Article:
While the majority of premier league teams followed a RTP continuum approach, RTPerf was the one phase that 21% teams highlighted that they did not follow with anecdotal feedback suggesting that they believed players should be back to desired performance levels upon RTPlay. Defining what represents the desired performance level is important and to our knowledge this has not yet been achieved in the research literature. The criteria for RTPerf proposed in the 2016 consensus statement  stated that this phase may be categorized by personal best performance or expected growth as it relates to performance. In the professional football setting this likely refers to match-related metrics related to physical, technical, tactical and cognitive qualities.
As with RTTrain and RTPlay, training load was one of the most frequently reported criteria (1st–33%, 2nd–21%, 3rd–15%), yet little is currently known about training load and RTPerf. Given that the majority of a starting player’s in-season loading is derived from match play (i.e. typically 2 games/week), the inability to maintain training load throughout rehabilitation has been suggested as a risk factor for re-injury and may contribute to the high rate of ‘early’ recurrences (< 2 months) observed following RTPlay [40, 41]. Normalization of training loads comparable to the team was not achieved until after RTPlay in Australian rules football , while footballers returning to play were at increased risk of subsequent injury for up to 12 weeks . Accordingly, extending player monitoring/observation beyond RTPlay may represent an interesting aspect to assess during the RTPerf phase, as recommended by Stares et al.  to not only ensure pre-injury performance benchmarks are being achieved but also as a tertiary-level injury prevention strategy. However, this represents only one preliminary study and in a different sport.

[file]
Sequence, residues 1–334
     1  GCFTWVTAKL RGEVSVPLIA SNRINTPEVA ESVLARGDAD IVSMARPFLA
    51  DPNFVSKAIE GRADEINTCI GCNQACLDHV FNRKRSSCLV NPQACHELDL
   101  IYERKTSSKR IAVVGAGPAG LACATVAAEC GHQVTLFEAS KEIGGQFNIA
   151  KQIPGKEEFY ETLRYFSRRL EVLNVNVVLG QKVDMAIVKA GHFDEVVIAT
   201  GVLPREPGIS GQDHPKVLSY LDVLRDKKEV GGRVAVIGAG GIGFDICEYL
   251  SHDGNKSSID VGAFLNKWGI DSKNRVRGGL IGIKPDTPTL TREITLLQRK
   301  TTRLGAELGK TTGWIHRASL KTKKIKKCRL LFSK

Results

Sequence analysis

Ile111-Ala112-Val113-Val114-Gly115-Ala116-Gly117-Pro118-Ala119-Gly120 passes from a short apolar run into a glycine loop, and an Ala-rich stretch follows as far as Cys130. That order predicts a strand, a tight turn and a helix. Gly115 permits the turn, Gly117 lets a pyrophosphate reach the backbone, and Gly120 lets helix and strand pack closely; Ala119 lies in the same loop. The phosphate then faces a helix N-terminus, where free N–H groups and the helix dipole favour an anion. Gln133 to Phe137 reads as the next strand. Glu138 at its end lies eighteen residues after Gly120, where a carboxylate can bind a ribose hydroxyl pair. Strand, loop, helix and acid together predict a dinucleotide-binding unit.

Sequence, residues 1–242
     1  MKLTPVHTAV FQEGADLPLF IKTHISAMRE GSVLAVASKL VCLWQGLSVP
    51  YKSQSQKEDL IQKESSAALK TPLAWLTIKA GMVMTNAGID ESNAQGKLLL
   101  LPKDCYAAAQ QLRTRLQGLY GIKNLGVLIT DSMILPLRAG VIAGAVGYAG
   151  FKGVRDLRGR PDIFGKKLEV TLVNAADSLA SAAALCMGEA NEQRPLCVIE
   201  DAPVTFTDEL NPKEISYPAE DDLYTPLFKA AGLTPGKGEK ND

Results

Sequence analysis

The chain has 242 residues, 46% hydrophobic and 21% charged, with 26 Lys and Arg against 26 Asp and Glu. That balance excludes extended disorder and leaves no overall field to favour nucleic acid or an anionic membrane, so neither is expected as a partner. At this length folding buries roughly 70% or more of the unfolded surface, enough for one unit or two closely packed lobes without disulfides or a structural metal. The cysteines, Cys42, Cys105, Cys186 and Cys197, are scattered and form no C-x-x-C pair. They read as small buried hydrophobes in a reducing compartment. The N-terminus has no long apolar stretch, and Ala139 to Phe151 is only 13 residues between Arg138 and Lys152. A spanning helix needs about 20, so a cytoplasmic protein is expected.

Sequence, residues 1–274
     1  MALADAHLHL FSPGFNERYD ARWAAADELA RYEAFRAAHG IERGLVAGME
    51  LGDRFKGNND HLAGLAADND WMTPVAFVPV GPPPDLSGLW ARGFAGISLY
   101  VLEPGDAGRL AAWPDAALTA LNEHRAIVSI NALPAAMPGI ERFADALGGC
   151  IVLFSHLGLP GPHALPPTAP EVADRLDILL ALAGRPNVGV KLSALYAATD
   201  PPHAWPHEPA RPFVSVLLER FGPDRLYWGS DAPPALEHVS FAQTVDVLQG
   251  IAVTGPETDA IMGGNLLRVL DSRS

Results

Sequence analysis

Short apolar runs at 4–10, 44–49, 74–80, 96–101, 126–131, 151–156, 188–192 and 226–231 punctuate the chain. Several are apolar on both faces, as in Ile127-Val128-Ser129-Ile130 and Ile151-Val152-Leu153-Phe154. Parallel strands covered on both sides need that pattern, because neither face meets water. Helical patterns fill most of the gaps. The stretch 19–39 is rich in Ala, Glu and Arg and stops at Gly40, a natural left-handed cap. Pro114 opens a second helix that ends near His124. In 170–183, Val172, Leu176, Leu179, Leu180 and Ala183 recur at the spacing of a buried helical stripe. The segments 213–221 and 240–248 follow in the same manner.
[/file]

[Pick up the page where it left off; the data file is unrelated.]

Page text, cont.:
Other Considerations Regarding Criteria
Psychological criteria were highlighted in the global criteria used by team practitioners (Fig. 1) and specified as important to consider in the research literature [44,45,46,47] as well as the previous Delphi surveys conducted in elite football [7, 8]. Psychological readiness was infrequently reported by practitioners. In view of the modifiable nature of psychological factors/traits, it has been recommended in research that psychological factors should to be assessed from the time of injury . While limited in football, expression of positive psychological responses across rehabilitation (e.g. higher motivation, low fear of re-injury) has been associated with successful return-to-sport (i.e. RTPlay in our study) outcomes within a variety of different athletic populations [44, 49, 50]. Few practitioners specified which psychological readiness tool they used (if they used any formal evaluation). This may be due to a lack of well-validated instruments to measure psychological readiness and may explain the relatively low accumulated points. Research is urgently needed to validate and evaluate the effectiveness of psychological readiness questionnaires for professional footballers.